After the Wednesday night speech, Fisher said he had been called “unsolicited” by lawmakers from both parties. “A Tea Party activist will likely be as interested in this as you might have Sen. Sanders of Vermont,” Fisher said, referring to Bernie Sanders, an independent who has described himself as a democratic socialist.
BREAKING UP IS HARD TO DO
The effort to break-up banks didn’t die with the passage of Dodd-Frank, which critics say only enshrined the likes of JP Morgan Chase, Goldman Sachs, Citigroup and Bank of America as “systemically important” institutions. The dozen largest banks hold 69 percent of all the assets, dwarfing the capabilities of their more than 5,600 other competitors. The megabanks benefit, critics argue, because the implicit promise of a bailout improves their credit rating, making them cheaper to borrow.
Fisher claims his plan removes the competitive advantages that megabanks currently enjoy with their lines of credit, making it easier for community banks to compete for customers and help the metaphorical Main Street. That’s also his sales pitch to lawmakers.
Interestingly, the desire to challenge these institutions has largely not been fueled by the 2011 Occupy protesters camped out in cities across the country. Oddly enough, it comes from buttoned-down bureaucrats, lawmakers on both sides of the aisle, and one major financial powerbroker.
The presidents of the Federal Reserve banks for New York and Richmond, William Dudley and Jeffrey Lacker, each have misgivings about bank sizes, while Fed Governor Daniel Tarullo recently expressed an interest in limiting bank risk by having them depend more on long-term debt for funding. Tom Hoenig, a former Kansas City Fed president, received Senate approval last year to become a director of the Federal Deposit Insurance Corporation largely because of his criticism of big banks. And, in what some regarded as a blatant betrayal, Sandy Weill, the architect of the 1998 merger forming Citigroup, told CNBC this summer that investment banking should be separate from the commercial side.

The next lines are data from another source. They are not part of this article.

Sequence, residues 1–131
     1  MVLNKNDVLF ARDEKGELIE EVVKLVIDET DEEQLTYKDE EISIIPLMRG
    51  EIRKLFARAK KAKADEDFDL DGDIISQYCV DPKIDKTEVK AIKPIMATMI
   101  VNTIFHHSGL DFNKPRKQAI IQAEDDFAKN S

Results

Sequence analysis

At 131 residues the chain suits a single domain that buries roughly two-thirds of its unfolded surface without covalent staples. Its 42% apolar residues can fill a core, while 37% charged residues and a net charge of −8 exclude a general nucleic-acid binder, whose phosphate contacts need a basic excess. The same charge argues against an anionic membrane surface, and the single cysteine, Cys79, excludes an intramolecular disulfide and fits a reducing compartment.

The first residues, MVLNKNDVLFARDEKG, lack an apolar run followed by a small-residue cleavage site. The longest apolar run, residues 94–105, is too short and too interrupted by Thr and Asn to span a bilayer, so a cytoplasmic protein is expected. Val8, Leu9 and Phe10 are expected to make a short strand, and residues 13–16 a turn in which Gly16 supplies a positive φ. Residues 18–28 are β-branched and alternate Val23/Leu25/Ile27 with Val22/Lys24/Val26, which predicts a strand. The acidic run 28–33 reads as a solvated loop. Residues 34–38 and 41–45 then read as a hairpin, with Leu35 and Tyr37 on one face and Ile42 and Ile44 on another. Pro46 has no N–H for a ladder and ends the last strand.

Sen. Sherrod Brown, D-Ohio, proposed last year putting a cap on bank sizes. Brown recently partnered with Sen. David Vitter, R-La., to request that the Government Accountability Office study the preferential treatment megabanks receive from the belief that they’ll get bailed out in the event of disaster.
Brown’s office has been in “consistent contact” with Fisher, said Lauren Kulik, a spokeswoman for the senator who said that both men agreed about the risk posed by those large banks capable of wiping away a major chunk of the Gross Domestic Product in a disaster.
“Sen. Brown has been hearing more and more from his colleagues on both sides of the aisle who agree with this approach,” Kulik said. “It is clear that more can be done – Congress passed seven financial reform laws after the Great Depression – and the tide is clearly turning on this issue.”
Fisher also thinks the appetite for financial reform has not been exhausted by the massive challenges of implementing the 2010 Dodd-Frank regulations. But he concedes as a failed 1993 Senate candidate in Texas that politics is beyond his expertise.
“I’m not a politician,” he said. “I tried that once. I was a massive failure at it. I’m a central banker. But this idea, it seems to me is politically palatable to both the right and the left.”